John's Journal... Entry 100, Day 1
Defining a Squirrel Dog
EDITOR'S NOTE: In years past, you would find squirrel dogs as common as front porch swings, big black pots in the backyard for canning and a smokehouse for preserving meat. You expected to see a squirrel dog in a neighbor's front yard, just like you'd know he had a garden in his back yard. But as the country's population migrated from the farm to the city, a good squirrel dog became as scarce as hen's teeth. This week we'll look at why every outdoorsman should own a squirrel dog.
Through the early morning fog at White Oak Plantation near Tuskegee, Alabama, I heard the clear, clean voice of Horse Creek Monkey, a chop-mouthed feist dog. Immediately after Monkey began talking to the timber, Reba, another registered feist squirrel dog, joined in with him. Although the clouds overhead promised rain, we had to go to the dogs. "Monkey's treed," said Tim Cosby of Ramer, Alabama, chief of law enforcement for Alabama's Department of Conservation. Danny Williams of Clinton, Louisiana, said, "sure has. And my dog Reba's right there with him." These two men raise, train, competition-hunt and sell registered treeing feists, some of the best squirrel dogs in the nation.
As we went to the tree, I told Cosby I didn't think the squirrels would move that day. He looked back at me and smiled as he observed, "I didn't believe they would, either. But Money and Reba found one that did." We all tried to spot the squirrel that the dogs had barked at, but the bushytail remained invisible to us, lying flat on top of a limb. Williams told us, "You fellas get ready," as he held a wrist-sized vine that climbed up the trunk of the tree. "I'm going to jerk this vine, and one of you ought to get that squirrel." As Williams pulled the vine, Cosby thought he saw the squirrel move and suggested, "I'll see if I can hit it."
At the report of Cosby's Ruger .22 rifle mounted with a 3-9X scope, a fat bushytail came tumbling from the high limbs. Monkey grabbed the squirrel and shook it to make sure the bushytail had expired. "Good dog," Cosby said as he patted the little black feist. "Let's go hunt another one." In less that five minutes, Reba treed as the rain began. This time when we arrived at the tree, I spotted a bushytail about 30 feet up, holding onto the trunk of the tree. When my Remington 541S cracked, the squirrel fell. Reba caught the bushytail in her mouth, shook the squirrel and then lay it down with pride. I could almost hear her say, "I told you that squirrel was up there." We had this highly productive squirrel hunt at White Oak a couple of years ago.
But I've had a love affair with squirrel dogs for most of my life and have enjoyed hunting squirrels as one of my primary sports since childhood. While in elementary school, I paid $75 for half-interest in Butch, a dog of questionable heritage that loved to locate and hunt squirrels as well as other animals. My dad paid the other $75 of Butch's cost. I considered Butch the finest squirrel dog that ever walked in the woods. We hunted together for 10 years. Then when I married and moved from home, ole Butch stayed with Dad until the day that dog went to that big hollow in the sky where the sun always would shine and the squirrels always would move. But I never lost my love for hunting squirrels with a dog and the camaraderie it created between young and old.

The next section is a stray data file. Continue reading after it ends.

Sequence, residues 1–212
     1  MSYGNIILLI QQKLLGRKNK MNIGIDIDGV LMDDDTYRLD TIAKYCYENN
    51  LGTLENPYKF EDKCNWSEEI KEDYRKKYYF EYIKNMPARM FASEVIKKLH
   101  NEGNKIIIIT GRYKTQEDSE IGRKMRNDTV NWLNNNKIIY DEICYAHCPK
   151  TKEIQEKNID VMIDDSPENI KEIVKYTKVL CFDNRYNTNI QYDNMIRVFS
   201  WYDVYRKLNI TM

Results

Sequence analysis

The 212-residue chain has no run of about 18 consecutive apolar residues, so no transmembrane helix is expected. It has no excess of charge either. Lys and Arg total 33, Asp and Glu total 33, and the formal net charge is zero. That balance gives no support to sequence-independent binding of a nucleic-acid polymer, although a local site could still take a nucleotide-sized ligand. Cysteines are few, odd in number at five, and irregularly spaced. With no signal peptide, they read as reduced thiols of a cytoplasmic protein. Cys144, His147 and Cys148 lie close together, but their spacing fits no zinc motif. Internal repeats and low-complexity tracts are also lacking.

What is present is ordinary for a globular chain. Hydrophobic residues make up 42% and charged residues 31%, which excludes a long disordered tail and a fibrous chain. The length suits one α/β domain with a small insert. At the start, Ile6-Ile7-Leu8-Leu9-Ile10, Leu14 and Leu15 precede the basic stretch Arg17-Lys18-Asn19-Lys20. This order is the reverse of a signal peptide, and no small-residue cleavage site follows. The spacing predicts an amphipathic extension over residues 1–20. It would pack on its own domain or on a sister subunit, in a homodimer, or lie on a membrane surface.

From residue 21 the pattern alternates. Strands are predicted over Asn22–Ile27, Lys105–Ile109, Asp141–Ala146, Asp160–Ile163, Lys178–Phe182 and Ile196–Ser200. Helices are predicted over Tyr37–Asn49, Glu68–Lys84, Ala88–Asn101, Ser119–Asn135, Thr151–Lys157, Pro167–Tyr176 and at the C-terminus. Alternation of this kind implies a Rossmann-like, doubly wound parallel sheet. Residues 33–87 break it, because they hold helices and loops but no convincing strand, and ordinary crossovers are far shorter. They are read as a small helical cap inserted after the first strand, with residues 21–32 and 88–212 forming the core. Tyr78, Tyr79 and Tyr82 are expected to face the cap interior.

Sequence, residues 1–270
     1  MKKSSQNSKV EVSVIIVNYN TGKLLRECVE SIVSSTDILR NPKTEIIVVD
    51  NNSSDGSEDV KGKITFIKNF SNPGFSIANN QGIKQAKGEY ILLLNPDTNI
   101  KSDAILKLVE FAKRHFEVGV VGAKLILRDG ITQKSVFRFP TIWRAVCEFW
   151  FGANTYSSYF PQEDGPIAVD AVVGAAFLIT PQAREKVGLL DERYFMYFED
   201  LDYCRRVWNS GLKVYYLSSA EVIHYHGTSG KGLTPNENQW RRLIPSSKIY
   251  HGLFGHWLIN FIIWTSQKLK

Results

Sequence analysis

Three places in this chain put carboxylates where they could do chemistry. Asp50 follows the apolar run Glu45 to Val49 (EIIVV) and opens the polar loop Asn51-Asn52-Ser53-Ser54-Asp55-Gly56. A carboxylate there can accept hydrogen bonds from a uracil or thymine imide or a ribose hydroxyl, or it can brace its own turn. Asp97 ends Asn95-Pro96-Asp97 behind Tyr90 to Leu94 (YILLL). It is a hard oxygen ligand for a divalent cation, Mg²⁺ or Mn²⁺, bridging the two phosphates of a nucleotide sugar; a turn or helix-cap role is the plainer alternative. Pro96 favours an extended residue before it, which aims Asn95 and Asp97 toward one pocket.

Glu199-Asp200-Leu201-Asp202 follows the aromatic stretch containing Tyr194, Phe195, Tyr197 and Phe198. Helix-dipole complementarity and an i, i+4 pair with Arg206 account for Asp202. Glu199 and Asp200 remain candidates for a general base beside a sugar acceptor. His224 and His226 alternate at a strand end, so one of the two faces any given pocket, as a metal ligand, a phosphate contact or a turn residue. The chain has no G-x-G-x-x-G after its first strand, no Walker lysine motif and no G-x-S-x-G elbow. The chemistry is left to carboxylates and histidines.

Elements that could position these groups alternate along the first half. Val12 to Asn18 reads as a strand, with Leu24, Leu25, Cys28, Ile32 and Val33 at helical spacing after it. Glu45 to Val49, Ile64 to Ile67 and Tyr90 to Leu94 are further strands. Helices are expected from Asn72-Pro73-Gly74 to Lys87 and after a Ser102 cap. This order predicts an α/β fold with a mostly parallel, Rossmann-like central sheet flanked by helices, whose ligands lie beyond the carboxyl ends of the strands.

The many advantages of squirrel hunting with a dog include:
But how do you identify a squirrel dog? Where can you find one? What's required to train one? And how can you tell if you've got a good one? I've learned the answers to these questions by hunting with some of the nation's top squirrel-dog breeders and trainers. Many breeds of dogs will tree squirrels. I've hunted with collies, redbone hounds, Mexican chihuahuas and Scottish terriers. But most serious squirrel hunters choose either to hunt with a feist or a cur. You'll find wide discrepancies in the common definitions of these two breeds. However, the American Treeing Feist Association has attempted to standardize and register feists and curs.
To register a treeing feist, the dog must tree a squirrel and bark on tree, according to Tim Cosby. A feist stands between 10 inches and 17 inches (female) or 18 inches (male) high. It has a short coat, short ears and a pointed snout and comes from mixed ancestry. Cosby defines a cur as a bigger version of the feist. A cur may have some hound in its background, since it will bark on track as well as on tree. "The easiest way to distinguish a feist from a cur is to remember that a feist is a little, short-haired, mixed-breed dog, and a cur is a big, short-haired, mixed-breed dog," Cosby said.
When I asked Cosby to list the qualities of a good squirrel dog, he said, "A good squirrel dog will hunt with you and check in every five to 10 minutes. It'll watch the treetops to see if a squirrel timbers out by leaving one tree and going to another and will follow it and bark as the squirrel moves through the trees. A quality squirrel dog won't bark until it knows it's on a squirrel. If the squirrel's gone into a hole, you can call the dog off the tree and get it to hunt another squirrel. If the squirrel jumps out of the tree, the dog will chase it and may even catch it. Also the dog will come back when you call it from a tree across a creek or a river. And if a squirrel falls in the water, the dog will jump in after the squirrel. A good squirrel dog is a pleasure to hunt with and a joy to watch as it hunts. It will also be friendly to hunters and has an obedient personality."
To learn more about White Oak Plantation's squirrel hunts, call (334) 727-9253, or go to the website, www.whiteoakplantation.com
TOMORROW: How To Breed A Squirrel Dog
Check back each day this week for more about Everyone Should Own A Squirrel Dog ...
Day 1 -Defining a Squirrel